Wisconsin Institute for Law & Liberty
Press Release

U.S. Supreme Court Decision a Win for Families, School Choice

WILL and Scott Walker submitted amicus in key school choice case

By - Jun 30th, 2020 11:22 am

The News: The United State Supreme Court, in a 5-4 decision, ruled that a Montana school choice program cannot bar students from attending religious schools – a significant win for school choice and religious freedom. The majority held in Espinoza v. Montana that the Montana Department of Revenue’s rule barring families from using a tax credit scholarship to attend religious schools violates the First Amendment’s Free Exercise Clause.

The Quote: WILL Director of Education Policy Libby Sobic said, “Today’s decision by the U.S. Supreme Court will expand education options for millions of American families. This is a significant step towards a future where every child can attend the school that best meets their needs.”

WILL President and General Counsel Rick Esenberg said, “The Court’s decision reinforces the idea that our Constitution forbids government discrimination against religious organizations. If the state creates a public benefit or program, religious organizations may not be excluded.”

Background: In 2018, the Montana Supreme Court struck down Montana’s first school choice program, a tax-credit scholarship program. The Court relied on a provision in Montana’s Constitution which prevents the state from using public funds to aid religious organizations, including religious private schools. These so-called “Blaine Amendments” were adopted by a number of states (including Wisconsin) throughout the Nineteenth century and are often said to have been rooted in anti-Catholic sentiment.

Three parents, represented by attorneys at the Institute for Justice, asked the U.S. Supreme Court to review the Montana Supreme Court’s decision and hold that the Free Exercise and Equal Protection clauses of the United States Constitution do not permit states to “invalidate a generally available and religiously neutral student-aid program simply because the program affords students the choice of attending religious schools.”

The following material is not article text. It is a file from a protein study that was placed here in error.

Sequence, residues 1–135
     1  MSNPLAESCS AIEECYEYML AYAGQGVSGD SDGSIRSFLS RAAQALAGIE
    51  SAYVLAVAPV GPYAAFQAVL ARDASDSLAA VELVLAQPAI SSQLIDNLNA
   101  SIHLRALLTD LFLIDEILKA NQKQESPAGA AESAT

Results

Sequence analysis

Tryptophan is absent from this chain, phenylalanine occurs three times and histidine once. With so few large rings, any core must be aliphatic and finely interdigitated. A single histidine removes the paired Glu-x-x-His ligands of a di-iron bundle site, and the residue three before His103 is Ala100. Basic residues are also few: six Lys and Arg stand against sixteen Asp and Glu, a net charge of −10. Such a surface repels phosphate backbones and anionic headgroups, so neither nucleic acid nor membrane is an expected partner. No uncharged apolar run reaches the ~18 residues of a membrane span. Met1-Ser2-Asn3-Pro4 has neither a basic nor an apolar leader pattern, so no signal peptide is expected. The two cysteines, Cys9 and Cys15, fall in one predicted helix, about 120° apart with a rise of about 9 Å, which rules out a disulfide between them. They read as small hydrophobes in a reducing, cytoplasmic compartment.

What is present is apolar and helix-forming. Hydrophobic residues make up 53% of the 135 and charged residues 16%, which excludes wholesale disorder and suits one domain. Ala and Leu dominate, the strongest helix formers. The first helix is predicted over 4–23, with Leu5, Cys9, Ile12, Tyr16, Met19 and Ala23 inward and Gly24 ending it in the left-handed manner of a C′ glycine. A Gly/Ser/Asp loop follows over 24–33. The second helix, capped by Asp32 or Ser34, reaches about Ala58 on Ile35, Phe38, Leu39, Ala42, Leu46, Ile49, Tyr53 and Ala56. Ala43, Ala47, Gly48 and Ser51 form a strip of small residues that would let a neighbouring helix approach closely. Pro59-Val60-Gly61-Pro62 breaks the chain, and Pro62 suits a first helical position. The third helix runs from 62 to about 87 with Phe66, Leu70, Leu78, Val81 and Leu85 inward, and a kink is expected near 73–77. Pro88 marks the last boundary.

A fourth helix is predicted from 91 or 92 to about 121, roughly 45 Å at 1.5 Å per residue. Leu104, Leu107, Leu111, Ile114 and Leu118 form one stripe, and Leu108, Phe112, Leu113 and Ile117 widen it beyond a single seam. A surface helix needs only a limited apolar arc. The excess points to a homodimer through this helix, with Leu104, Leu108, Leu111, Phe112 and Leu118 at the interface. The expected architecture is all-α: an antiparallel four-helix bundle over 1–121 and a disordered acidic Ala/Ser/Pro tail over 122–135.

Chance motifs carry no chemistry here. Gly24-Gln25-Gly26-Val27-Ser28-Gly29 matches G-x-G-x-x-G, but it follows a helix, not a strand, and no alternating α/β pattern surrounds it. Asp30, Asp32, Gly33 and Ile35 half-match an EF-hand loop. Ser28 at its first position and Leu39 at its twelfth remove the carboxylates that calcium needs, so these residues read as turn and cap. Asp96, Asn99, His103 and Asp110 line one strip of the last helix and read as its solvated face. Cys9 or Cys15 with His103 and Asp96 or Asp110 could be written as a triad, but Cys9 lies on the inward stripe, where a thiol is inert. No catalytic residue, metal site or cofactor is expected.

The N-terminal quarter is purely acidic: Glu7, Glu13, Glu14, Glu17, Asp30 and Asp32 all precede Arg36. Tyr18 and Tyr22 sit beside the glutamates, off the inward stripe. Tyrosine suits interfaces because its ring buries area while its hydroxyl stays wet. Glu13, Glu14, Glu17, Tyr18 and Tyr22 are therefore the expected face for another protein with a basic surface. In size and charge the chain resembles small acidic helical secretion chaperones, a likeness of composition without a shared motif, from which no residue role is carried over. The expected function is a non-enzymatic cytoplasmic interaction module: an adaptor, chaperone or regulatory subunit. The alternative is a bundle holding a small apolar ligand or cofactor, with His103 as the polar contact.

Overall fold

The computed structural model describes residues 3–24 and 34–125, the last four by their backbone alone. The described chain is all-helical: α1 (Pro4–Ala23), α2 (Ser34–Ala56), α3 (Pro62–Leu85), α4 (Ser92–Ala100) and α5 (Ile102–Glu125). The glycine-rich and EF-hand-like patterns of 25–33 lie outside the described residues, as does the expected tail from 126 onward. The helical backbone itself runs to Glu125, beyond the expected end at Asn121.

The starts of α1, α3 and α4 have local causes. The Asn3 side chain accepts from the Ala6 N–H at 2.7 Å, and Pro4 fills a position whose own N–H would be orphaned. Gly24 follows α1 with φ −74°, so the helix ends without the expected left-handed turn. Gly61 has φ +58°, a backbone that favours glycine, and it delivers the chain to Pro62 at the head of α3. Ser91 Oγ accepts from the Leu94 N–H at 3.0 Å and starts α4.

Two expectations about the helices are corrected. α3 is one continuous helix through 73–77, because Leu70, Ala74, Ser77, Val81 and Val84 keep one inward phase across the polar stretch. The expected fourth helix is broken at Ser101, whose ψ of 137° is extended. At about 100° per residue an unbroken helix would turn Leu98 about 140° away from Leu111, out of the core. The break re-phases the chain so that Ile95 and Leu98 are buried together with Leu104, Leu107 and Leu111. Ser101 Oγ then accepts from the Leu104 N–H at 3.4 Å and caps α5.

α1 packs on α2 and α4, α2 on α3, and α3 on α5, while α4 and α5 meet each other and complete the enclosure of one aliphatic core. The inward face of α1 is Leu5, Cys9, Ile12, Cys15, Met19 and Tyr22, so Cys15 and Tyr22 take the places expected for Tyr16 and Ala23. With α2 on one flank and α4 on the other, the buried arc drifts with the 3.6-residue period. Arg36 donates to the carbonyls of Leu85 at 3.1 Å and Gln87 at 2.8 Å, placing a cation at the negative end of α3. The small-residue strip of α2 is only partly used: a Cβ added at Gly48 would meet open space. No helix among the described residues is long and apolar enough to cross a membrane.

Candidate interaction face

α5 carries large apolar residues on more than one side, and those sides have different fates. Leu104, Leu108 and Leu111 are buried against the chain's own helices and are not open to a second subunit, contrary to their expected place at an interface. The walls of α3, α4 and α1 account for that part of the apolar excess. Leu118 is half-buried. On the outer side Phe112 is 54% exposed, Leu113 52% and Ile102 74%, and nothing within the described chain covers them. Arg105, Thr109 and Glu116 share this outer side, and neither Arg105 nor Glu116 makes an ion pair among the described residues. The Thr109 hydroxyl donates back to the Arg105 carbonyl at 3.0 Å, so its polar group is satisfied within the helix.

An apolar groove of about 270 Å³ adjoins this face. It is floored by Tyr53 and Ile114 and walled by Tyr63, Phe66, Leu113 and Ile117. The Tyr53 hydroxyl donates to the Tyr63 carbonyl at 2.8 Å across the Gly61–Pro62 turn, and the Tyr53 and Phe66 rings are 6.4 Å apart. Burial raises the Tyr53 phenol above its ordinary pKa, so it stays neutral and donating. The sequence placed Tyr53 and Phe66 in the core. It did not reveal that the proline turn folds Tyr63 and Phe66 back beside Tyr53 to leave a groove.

WILL submitted two amicus briefs to the Court – one urging the Court to take the case and another asking it to hold Montana’s Blaine Amendment unconstitutional. The briefs, filed on behalf of former Governor Scott Walker, explained Wisconsin’s successful school choice program and urged the court to reject discrimination against religious schools.

School Choice Facts:

  • Wisconsin is home to the nation’s oldest private school voucher program.
  • More than 86,000 Wisconsin students attend a private school on a voucher or a public charter school.
  • Students have higher math and reading proficiency in Wisconsin choice and charter schools.
  • Students attending school on a voucher are less likely to commit crimes.
  • Students attending school on a voucher are more likely to graduate from high school.
  • Students attending school on a voucher are more likely to graduate from college.
  • Expanding school choice in Wisconsin could lead to $3.2 billion economic benefits to Wisconsin.

Mentioned in This Press Release

Organizations:

Recent Press Releases by Wisconsin Institute for Law & Liberty

U.S. Supreme Court Orders Seventh Circuit to Reconsider Decision in WILL Religious Liberty Case

Case against DPI will be reassessed in light of Espinoza v. Montana

DPI Drops Illegal Policy After WILL Lawsuit

WILL sued DPI for blocking family from state voucher program

U.S. Supreme Court Decision a Win for Families, School Choice

WILL and Scott Walker submitted amicus in key school choice case

One thought on “U.S. Supreme Court Decision a Win for Families, School Choice”

  1. Mingus says:

    I always find it interesting that the Catholic Bishops in Wisconsin let a group of shadowy conservative political operatives determine educational policy when school choice legislation is passed. Are Catholic Schools becoming more influenced by conservative Republican policy than the core beliefs of the Catholic Church based on the four Gospels?

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